He was one of only a handful of my classmates that hadn't commented on how slowly I was learning to control my sorcery. I really didn't want that to change because it was nice to have at least a few people who weren't throwing jibes in my direction for being slow and stupid, especially since he'd had more luck than most in helping me figure things out when I got stuck on something.
"Eyes closed, Vala," Archer said, putting one hand over my eyes when I started to lean forward to better see the branch in my hands.
"But how will I identify the one needle I want to use my sorcery on if I can't see it?" I protested, reaching up to try and pull his hand away. Of course his hand wouldn't budge.
"Let your hands be your eyes on this one," he replied, keeping his hand over my eyes until I sighed and closed my eyes on my own.
Focusing on my breathing for a moment, I listened to Archer's voice in my ear, gently whispering one of the concentration mantras. I lost the sound of the words fairly quickly as I reached for my sorcery, feeling only the vibrations of his voice against my back as I drew the power up and guided it to my hands. Remembering the feel of Archer's power pooling in his palms, I let my power rest in my hands instead of sending it into the branch like I had been doing. It took me a moment to figure out how to separate just a single thread of power from the pool in my hands, but I did manage it.
I could feel that one thread, weaving among the sap in the branch until it touched one needle. Just a single needle and I could feel the faintest trace of energy leaving the branch and flowing through my finger tips as I drew my sorcery back within myself. For a moment, I just sat there, feeling the branch, still whole and green in my hand and the slow steady beat of Archer's heartbeat against my back.
"Open your eyes, Vala," Archer whispered to me. I could tell he was grinning with pride even without seeing his face.
When I opened my eyes, there was a second dried up brown needle next to the one Archer had corroded. I stared at them for a moment, hardly daring to breathe, much less believe that after months of trying I had finally managed to Focus the effects of my sorcery. Hesitantly I shifted my hand on the branch until I could feel the dried needles against my finger tips.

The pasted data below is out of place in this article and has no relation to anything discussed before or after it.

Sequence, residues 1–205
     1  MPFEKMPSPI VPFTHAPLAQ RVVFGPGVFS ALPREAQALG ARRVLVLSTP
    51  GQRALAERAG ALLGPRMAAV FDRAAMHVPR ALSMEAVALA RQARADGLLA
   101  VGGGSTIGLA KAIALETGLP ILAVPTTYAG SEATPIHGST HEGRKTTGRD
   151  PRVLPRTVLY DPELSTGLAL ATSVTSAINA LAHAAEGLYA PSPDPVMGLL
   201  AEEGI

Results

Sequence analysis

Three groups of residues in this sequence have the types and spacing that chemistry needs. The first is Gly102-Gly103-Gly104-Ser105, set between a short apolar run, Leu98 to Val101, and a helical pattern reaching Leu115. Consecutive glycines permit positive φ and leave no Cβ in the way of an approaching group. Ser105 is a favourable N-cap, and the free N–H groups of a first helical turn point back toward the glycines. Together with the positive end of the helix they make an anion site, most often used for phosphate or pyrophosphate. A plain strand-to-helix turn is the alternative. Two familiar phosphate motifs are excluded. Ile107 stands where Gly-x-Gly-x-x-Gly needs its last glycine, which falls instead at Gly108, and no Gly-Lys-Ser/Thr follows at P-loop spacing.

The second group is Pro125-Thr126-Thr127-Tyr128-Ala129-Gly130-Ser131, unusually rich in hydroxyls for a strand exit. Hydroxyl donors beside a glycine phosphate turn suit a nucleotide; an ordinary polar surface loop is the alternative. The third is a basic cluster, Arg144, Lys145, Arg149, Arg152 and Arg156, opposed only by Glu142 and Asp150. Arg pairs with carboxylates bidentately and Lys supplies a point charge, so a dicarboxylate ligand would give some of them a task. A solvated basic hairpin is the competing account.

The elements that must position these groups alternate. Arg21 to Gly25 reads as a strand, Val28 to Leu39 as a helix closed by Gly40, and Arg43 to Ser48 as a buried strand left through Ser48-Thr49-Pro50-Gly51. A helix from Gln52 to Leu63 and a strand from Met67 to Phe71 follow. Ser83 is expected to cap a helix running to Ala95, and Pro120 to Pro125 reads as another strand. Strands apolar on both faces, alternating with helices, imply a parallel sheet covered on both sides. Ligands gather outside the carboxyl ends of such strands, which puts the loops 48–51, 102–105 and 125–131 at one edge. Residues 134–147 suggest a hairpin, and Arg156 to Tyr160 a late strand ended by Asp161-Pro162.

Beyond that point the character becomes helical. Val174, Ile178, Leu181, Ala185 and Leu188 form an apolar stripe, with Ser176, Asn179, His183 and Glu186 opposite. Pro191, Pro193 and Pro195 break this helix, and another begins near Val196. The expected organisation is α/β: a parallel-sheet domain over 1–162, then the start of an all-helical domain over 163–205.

"I did it," I said softly, when the needles broke against my touch.
"Yes, you did," Archer agreed, his arms tightening briefly about my shoulders as he shared in my pleasure.
"Thank you, Archer," I said, grinning widely as I set the branch aside and twisted around in his arms so I could hug him properly.
"Always a pleasure to be of service," Archer replied with a smile of his own.
"I have to go show my sister," I said eagerly, she'd be so pleased to see me finally making progress after all those frustrating evenings trying to help me get control. I scrambled quickly to my feet, picking up the branch in the process as I asked, "You'll be at the celebration for this month's graduates right?"
"Of course," Archer said as he plucked a couple of stray needles out of my hair. "You still owe me a dance for the last time you dunked me in the lake."
Really, after four years of friendship, Archer should have known I would push him in the lake for saying it was beginners luck after I managed to hit that pinecone target with my stone on the first try, especially when he knew I'd been working on my throwing range with Little Marcus for the last month.
"Even if you well and truly earned that dunking?" I asked him pointedly. I would have tried to pout at him over it, but that never seems to work the way I plan around him.
"How could I have possibly earned that?" Archer asked, giving me his best 'I'm innocent' look, though the smile and the wink sort of ruined the effect.
"Oh please," I said pushing his shoulder lightly. "You knew I'd been training with Little Marcus and you still called it beginner's luck. How could that not be asking for a dunking?"
"But if you knew I was teasing you, then surely my lady didn't need to push me in the lake… again," Archer suggested with a teasing grin.
"Says you," I retorted with a laugh. "I felt I was perfectly justified in that instance. But since I did agree that you could have a dance or two to make up for the soaking and to prove that we're still friends, I will keep my word to you."
Archer's smile widened a bit as he said, "I'll hold you to that then."
"Sure, Archer," I replied, giving him a smile and a wave as I headed off to find my sister. "See you later then."
"Until then, Vala," Archer returned. I could feel him watching me until I was out of sight as I hurried home to show my sister my progress.
As I had expected, Giselle was pleased that I had finally made some progress with my sorcery, though not quite pleased enough for her to reward me with the next morning off from cleaning the classrooms. Not that I had expected her to do so, considering she was far enough along in her pregnancy that getting around was a challenge and the morning of the graduation ceremonies really was the best day to clean and restock everything since the students weren't underfoot. So cleaning the classrooms was what I was doing when Deirdre and Hannah found me the next morning.